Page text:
One of my sons is the all-time trash taker-outer. He swapped with his brother, who is the all-time compost taker-outer. I think they both think they got the best deal.
But the thing about taking out the trash is that our gravel driveway is about 300 feet long, and it’s a steep hill. We’ve had delivery trucks (and the occasional unlucky friend) get stuck.
And this last week, due to a variety of reasons that had nothing to do with my son, the trash can stayed at the top of the driveway.
So by the time the week had rolled around, he faced an uphill task. (Sorry, couldn’t resist.)
I might have split the trash into two bags, but he chose the other possibility: putting it into the red wagon and wheeling the bag up the hill.
And I saw that his brother put down the shovel from the hole he was digging and ran over to help.
Oh, how sweet! I thought. My own thoughts at that age would probably have run more like: Have you ever smelled the compost I have to take out? Why didn’t you take the bag up earlier this week? I’m digging my own hole here! Don’t bother me!
But I watched as, all the way up the drive, he helped give a boost and kept the wagon from tipping. The brothers laughed and chatted as they moved along.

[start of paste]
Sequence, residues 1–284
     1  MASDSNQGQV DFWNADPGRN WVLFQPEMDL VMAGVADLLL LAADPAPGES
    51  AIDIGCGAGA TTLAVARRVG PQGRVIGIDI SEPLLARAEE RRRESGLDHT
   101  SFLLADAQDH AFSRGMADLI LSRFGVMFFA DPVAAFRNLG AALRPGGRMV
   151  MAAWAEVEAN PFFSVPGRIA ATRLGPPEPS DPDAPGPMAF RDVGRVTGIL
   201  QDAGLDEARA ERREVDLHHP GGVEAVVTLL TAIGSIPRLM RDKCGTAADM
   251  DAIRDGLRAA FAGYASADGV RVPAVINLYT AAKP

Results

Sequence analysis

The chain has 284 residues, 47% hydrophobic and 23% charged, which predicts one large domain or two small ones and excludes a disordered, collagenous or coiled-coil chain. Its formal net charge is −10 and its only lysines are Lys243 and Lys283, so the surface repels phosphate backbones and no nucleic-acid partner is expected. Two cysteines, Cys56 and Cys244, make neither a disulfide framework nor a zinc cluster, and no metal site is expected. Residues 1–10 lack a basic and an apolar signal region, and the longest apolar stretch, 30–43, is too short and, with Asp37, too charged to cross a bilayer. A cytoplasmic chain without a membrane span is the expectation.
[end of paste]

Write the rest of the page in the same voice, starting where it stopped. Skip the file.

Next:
I was thinking about this moment later, and it reminded me of how I thought I was supposed to teach my child to read. I would give him a task. He needed to do the task.
It might be super hard for him — even harder than trying to pull a fully laden cart up a steep gravel driveway — but that’s his job, and he needed to do it.
And I might say, “Good job!” as he went, but I wouldn’t give a tricky word. He needed to sound those out or bring them up from the deep recesses of his memory. After all, how else would he learn?
I’m not sure where this “do better, try harder” mentality came from. (Maybe from my own internal gracelessness, dating back to my childhood?!)
But it was a shocking, almost scandalous change of mindset when I started using the Happy Cheetah Reading System. The rule is: do not let your child struggle. Not even a little bit.
I get to help stabilize the reading process, by saying things like, “Get your mouth ready for the first sound,” which almost always prompts the right word. Or, for my son, who suffered through five years of incorrect training on how to recognize b and d, I supply it the correct sound before he has the chance to guess wrong.
At some point, maybe he’ll say, “Mom! Stop! I know!”
And if not, I’m reinforcing in his brain the correct sounds, trying to reconstruct those twisted and broken pathways.
And I also get to give him a boost. He’s reading a book right now about sharks that includes the sentence, “It has six slits on each side.” He paused when he came to the final two words, and I knew he hadn’t seen those words before. So I simply read them for him. He’ll know them next time. Or maybe it will take two or three more tries, but he’ll get there.
My role as tutor shifted from that of a half-heartedly cheering (but still a bit impatient) bystander, to an engaged participant. I get to stabilize, I get to give a boost. And mostly I get to talk and laugh through our lessons.
Today my son wondered why the word know has that k.
“Because otherwise it says now.”
“Well, maybe we could change the spelling and put an e on the end.”
“That’s an interesting idea. But, sadly, we’re not in charge of spelling. . . . Wait! Are you purposefully distracting me from your reading?”